Borderline changes on biopsy can either be interpreted as a variant of normal or as a variant of acute rejection. Some investigators regard it as a sign of early acute rejection and initiate treatment accordingly. In this study, we evaluated Tc-99m DTPA renal scintigraphy findings in allograft recipients with borderline changes on biopsy. Tc-99m DTPA renal scintigraphy was evaluated in 125 patients with acute allograft dysfunction. This study included 10 recipients with borderline changes on biopsy. Ten renal transplant recipients with low-grade acute rejection were studied as control group. Tc-99m DTPA renal scintigraphy was performed either as a routine procedure during the early posttransplantation period or at a time when renal function tests were impaired. After intravenous injection of Tc-99m DTPA, images were acquired every second for 1 minute (perfusion) and every 30 seconds for 20 minutes. Images were interpreted visually with respect to perfusion pattern, concentration ability and parenchymal retention. Normal scintigraphy findings were observed in 6 recipients with borderline changes (60%) and in 4 patients with low-grade acute rejection (40%). Among the remaining 6 patients with acute rejection, 4 had normal perfusion together with a minimal decrease in concentration and minimal parenchymal retention. In 2 patients, in addition to functional impairment, there was also decreased perfusion. None of the patients with borderline changes had perfusion abnormality. The remaining 4 patients had mild functional impairment. In conclusion, a normal Tc-99m renal scintigraphy is more common among patients with borderline changes compared to those with low-grade acute rejection. Minimal functional impairment, when present, cannot be differentiated from that due to acute rejection. The results of scintigraphy might contribute to patient management protocol. A Tc-99m DTPA study without perfusion abnormality or with normal findings might be regarded as a variant of normal and left untreated.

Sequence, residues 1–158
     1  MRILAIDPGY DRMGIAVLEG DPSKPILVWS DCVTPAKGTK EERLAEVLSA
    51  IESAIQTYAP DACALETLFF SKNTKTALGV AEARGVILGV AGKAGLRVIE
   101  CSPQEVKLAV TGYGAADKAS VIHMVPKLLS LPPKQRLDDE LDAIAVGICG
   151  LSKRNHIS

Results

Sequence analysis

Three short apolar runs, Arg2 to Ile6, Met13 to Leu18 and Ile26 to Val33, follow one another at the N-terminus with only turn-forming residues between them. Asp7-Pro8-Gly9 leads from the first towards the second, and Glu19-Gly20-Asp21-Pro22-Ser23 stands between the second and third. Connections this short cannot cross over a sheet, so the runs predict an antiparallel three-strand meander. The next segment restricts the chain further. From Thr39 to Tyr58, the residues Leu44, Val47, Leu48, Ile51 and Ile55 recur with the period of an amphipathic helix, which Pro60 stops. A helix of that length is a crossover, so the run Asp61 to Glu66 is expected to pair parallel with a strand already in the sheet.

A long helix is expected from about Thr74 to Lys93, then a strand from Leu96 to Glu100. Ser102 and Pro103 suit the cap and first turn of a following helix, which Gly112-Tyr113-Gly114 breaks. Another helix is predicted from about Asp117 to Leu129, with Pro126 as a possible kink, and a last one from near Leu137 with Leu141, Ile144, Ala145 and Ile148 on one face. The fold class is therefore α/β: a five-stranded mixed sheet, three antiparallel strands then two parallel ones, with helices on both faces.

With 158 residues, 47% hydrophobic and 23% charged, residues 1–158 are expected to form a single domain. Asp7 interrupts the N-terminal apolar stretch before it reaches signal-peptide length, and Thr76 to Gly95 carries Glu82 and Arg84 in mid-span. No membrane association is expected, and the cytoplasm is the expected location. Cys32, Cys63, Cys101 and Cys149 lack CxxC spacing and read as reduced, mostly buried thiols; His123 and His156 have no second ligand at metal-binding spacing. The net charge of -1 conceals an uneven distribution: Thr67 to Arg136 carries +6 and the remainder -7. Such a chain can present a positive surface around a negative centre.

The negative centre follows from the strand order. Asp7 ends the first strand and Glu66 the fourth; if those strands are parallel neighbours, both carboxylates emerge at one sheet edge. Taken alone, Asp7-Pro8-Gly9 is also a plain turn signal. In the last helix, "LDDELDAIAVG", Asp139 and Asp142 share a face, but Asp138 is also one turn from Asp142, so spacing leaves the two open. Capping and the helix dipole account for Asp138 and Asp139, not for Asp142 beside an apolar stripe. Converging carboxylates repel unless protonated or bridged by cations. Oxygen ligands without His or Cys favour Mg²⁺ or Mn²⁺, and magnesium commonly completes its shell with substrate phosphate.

Volume : 6
Issue : 4
Pages : 190
Department of Nuclear Medicine, and General Surgery and Transplantation, Baskent University Faculty of Medicine, Ankara, Turkey